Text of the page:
Infections, hormonal issues, and medications (including blood thinners, Aspirin, and sulfa-based antibiotics) can increase the likelihood of severe bleeding.
Diagnosis and Treatment
Diagnosis of Von Willebrand Disease requires a blood test to check the concentration of VWF.
Once diagnosed, treatment depends on the severity of the condition.
Severe bleeding requires a blood transfusion, whereas less serious symptoms involve sutures, bandages, and wound glue.
Clot-promoting medication often helps in mild cases.
Dogs suffering from Von Willebrand Disease can receive blood transfusions before other surgical or other procedures with bleeding risk.
These transfusions reduce the likelihood of hemorrhage on the operating table.
German Shorthaired Pointers may suffer from an eye condition that results in the eyelids rolling inward, irritating or injuring the cornea.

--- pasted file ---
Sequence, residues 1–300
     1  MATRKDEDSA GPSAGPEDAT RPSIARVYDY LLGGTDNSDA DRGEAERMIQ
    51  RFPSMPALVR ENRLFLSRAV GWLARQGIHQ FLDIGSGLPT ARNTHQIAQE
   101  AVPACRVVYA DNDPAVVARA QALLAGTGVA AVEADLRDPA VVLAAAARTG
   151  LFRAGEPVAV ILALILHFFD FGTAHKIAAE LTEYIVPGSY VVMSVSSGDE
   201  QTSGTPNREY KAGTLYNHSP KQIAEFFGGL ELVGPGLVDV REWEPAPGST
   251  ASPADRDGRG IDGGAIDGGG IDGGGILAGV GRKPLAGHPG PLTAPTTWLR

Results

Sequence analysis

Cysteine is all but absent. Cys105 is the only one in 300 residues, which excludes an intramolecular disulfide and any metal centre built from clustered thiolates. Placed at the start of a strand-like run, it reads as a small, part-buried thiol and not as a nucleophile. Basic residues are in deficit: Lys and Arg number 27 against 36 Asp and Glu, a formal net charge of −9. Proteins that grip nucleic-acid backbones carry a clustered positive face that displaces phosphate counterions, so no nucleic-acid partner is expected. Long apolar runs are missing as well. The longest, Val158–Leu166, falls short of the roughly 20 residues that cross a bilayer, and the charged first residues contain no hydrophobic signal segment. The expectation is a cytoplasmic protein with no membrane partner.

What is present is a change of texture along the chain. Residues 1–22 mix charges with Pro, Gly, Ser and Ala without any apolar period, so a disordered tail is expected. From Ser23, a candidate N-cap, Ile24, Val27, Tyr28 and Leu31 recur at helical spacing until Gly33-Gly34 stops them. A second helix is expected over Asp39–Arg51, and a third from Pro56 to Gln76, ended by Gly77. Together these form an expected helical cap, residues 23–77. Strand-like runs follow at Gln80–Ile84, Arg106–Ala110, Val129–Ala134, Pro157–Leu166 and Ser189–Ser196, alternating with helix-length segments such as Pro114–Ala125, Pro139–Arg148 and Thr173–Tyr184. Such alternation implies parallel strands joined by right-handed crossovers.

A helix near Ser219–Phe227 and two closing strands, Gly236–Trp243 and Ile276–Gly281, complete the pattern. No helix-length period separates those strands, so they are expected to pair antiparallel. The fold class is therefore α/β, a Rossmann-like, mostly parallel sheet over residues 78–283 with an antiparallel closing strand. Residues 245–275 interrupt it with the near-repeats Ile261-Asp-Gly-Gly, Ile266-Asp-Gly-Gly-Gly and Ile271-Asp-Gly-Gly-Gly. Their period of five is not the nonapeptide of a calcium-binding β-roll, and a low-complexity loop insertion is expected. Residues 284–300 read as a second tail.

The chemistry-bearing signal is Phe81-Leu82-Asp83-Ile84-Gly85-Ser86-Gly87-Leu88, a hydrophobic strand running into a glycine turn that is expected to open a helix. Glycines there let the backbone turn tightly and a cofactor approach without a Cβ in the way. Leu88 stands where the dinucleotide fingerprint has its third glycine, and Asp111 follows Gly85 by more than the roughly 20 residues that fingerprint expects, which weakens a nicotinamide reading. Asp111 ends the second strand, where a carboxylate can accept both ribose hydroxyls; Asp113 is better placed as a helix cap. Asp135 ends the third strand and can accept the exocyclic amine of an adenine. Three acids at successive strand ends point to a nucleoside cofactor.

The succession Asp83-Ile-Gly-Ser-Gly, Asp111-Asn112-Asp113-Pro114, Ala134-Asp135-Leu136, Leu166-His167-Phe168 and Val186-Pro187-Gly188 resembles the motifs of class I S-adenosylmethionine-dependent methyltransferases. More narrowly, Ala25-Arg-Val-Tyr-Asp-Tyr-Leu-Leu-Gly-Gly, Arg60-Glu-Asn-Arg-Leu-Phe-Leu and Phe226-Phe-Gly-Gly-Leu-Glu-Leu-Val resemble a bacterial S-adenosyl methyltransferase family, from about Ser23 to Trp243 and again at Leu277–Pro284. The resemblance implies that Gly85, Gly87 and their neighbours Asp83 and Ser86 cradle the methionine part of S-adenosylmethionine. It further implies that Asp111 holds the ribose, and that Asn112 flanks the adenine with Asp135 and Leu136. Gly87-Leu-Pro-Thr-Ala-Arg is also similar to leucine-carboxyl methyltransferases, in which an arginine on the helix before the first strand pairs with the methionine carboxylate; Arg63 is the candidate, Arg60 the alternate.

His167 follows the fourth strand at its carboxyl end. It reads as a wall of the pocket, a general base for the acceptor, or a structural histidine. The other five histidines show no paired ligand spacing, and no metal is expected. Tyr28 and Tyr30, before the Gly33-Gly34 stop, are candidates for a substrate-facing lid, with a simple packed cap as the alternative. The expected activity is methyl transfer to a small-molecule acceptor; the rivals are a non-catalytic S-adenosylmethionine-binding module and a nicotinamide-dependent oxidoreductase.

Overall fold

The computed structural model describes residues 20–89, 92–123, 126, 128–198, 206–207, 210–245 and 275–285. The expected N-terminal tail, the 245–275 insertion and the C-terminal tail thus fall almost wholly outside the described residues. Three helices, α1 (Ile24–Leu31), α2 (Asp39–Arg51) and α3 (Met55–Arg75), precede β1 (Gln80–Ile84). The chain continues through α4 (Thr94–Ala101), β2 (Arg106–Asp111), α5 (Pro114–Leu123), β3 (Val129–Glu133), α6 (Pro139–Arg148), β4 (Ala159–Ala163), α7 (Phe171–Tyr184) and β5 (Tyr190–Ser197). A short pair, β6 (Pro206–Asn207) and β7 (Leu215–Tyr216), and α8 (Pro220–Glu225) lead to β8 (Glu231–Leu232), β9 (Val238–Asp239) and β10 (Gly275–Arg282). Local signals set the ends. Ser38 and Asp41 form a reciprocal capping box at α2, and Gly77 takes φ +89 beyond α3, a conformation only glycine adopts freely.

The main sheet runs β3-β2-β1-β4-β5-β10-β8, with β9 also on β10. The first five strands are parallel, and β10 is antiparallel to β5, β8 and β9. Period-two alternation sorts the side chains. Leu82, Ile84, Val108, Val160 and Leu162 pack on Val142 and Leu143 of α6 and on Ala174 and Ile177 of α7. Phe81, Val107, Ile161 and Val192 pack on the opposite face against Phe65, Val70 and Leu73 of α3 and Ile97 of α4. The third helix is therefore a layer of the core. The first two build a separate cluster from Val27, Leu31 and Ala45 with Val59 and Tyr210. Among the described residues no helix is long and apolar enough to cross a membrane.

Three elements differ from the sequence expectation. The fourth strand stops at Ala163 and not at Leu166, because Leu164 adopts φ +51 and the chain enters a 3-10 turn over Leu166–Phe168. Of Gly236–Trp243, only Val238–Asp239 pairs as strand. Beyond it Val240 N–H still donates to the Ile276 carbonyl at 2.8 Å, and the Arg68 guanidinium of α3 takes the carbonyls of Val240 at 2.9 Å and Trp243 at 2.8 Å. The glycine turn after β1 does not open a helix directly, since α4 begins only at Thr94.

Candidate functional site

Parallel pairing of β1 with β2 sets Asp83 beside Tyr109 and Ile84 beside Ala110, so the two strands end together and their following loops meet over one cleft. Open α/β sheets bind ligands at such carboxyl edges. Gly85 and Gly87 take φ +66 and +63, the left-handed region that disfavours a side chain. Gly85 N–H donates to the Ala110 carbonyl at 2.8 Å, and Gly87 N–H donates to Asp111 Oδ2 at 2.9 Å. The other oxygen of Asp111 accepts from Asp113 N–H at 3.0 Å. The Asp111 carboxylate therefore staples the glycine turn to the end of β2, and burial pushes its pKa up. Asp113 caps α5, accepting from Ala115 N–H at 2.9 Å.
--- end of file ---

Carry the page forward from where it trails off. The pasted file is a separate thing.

Entropion occurs in one or both eyes and is an issue frequently experienced by GSPs. The condition is painful and typically caused by genetics.
Entropion symptoms in canines usually become apparent at less than a year old. Signs and symptoms include:
- Chronic eye irritation
- Eye rubbing
- Excessive tearing
- Frequent squinting
- Light sensitivity
Over time, if left untreated, it can cause visual impairment due to corneal ulceration and scarring from the turned-in eyelid.
Diagnosis and Treatment
The appearance of entropion is highly noticeable, so veterinarians can diagnose the condition with a physical examination.
Veterinarians may drop a dye into the eye(s) to determine whether there are corneal ulcers.
Surgical treatment is necessary for the curing of entropion.
It’s best to perform surgery on adult dogs, as a puppy’s eye structure and surrounding tissue are still growing and changing.
Performing surgery on this tissue could cause deformation or other optical issues in the future.